Fed rejects Bank of America’s plan to raise dividend
|Brian Moynihan’s tenure has been marked by a sharp hike in lawsuits, credit card losses, and lower checking account income.|
By Pallavi Gogoi and Samantha BomkampAssociated Press / March 24, 2011
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NEW YORK — It was one more blow for Bank of America: The Federal Reserve didn’t allow nation’s largest bank to increase its dividends.
The decision by the Fed makes Bank of America Corp. the only one of the four largest US banks that wasn’t able to raise its dividend, something shareholders have been clamoring for.
The Fed’s decision, which Bank of America disclosed in a regulatory filing yesterday, also raised questions over whether the bank is strong enough to withstand another economic downturn.
For chief executive Brian Moynihan, the Fed’s rejection was another setback in his 14-month tenure, which has been marked by an increase in lawsuits, mounting losses from credit cards, and decreased income from checking accounts. As recently as March 8, Moynihan promised shareholders they would likely see a dividend increase in the second half of the year. “We have the capital. We have the brand, and now we’ve been building the balance sheet,’’ Moynihan, of Wellesley, Mass., said.
But the Fed didn’t agree. Bank of America, along with the nation’s 19 largest banks, was subject to a stress test in the first quarter. The Fed tested the banks’ balance sheets and other measures to see if they were strong enough to stand up to another economic downturn. Only banks that passed the test were allowed to increase dividends.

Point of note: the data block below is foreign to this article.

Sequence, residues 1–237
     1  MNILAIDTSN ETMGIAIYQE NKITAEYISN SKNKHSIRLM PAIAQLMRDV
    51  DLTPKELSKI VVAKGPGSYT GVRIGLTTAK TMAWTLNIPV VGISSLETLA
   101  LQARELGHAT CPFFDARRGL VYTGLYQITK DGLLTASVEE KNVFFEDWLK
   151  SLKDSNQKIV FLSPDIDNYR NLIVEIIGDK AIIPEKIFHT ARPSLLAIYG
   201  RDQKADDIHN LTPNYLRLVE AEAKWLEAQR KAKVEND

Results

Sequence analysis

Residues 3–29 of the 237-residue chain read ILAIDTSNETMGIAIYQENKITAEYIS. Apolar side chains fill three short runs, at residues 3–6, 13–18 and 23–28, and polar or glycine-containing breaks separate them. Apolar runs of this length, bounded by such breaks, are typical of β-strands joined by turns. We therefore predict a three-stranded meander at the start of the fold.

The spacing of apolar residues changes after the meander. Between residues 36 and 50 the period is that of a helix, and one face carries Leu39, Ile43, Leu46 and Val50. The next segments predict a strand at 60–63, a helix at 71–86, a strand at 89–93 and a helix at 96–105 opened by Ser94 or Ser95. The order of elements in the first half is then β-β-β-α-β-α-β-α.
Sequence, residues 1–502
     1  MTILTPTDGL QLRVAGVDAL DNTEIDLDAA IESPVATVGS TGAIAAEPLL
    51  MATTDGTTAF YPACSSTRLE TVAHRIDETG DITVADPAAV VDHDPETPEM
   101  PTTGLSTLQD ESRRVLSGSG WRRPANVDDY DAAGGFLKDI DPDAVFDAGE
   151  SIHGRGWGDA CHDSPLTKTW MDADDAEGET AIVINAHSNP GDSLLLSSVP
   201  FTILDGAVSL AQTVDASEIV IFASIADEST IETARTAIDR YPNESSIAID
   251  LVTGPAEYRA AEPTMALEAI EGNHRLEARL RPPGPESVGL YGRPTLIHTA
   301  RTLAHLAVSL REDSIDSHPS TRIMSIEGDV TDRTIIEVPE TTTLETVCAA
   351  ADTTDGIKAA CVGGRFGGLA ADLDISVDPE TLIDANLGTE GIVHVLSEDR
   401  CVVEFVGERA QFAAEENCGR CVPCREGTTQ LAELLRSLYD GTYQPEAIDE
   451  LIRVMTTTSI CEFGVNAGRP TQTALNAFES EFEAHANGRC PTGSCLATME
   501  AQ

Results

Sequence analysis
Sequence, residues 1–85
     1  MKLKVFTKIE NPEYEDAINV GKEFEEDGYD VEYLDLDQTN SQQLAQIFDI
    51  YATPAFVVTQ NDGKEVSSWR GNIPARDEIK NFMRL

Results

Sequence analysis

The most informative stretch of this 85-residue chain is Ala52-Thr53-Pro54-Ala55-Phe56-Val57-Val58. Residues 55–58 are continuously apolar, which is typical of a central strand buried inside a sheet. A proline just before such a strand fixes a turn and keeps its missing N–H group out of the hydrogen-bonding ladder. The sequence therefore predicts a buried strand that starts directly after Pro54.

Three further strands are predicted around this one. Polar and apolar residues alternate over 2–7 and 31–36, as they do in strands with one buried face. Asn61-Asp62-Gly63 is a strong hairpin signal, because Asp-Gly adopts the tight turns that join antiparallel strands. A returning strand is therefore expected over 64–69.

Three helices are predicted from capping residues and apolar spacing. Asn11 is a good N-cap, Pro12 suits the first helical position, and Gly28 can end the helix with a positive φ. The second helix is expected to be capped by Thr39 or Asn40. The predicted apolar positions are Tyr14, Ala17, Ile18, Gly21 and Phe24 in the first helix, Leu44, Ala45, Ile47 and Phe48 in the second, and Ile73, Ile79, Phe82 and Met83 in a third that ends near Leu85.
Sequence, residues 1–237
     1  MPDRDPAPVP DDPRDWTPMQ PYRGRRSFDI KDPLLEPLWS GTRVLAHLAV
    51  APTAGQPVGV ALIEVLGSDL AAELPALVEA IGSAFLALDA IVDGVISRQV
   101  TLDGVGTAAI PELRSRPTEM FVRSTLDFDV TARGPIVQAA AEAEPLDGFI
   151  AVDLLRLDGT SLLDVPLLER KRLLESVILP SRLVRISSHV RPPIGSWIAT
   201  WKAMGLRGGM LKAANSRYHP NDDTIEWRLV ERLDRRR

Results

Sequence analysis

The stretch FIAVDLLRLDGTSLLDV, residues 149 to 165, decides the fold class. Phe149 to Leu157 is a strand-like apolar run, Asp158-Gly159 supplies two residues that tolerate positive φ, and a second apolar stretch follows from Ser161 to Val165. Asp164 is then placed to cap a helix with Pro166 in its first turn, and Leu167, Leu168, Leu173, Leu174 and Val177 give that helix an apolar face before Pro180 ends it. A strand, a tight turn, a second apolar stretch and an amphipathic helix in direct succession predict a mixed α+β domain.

The Fed has now asked the Charlotte, N.C., bank to submit a revised plan, and it is unclear if it will be allowed to increase its dividend in the second half of the year.
“This is a reality check for Bank of America,’’ said Matt McCormick, a portfolio manager and banking analyst at Bahl & Gaynor Investment Counsel in Cincinnati, which manages about $3.2 billion in assets.
Bank of America shares fell 1.66 percent to $13.65. Spokesman Scott Silvestri said in a statement the bank would resubmit its plan in the summer for a modest dividend increase in the second half of this year.
Moynihan will have to convince investors and the Fed that the bank is strong enough to weather another recession. At a time when the bank’s profits and revenue are shrinking because of new regulations, it’s not going to be an easy task.
Last week, the Fed cleared the way for several banks like New York’s JPMorgan Chase & Co. and Boston’s State Street Corp. to increase their dividends.
Last year, in Moynihan’s first year at the helm, its credit card unit took a $10.4 billion write-down due to new regulations and its home loan business struggled with fallout from the implosion of the housing bubble.
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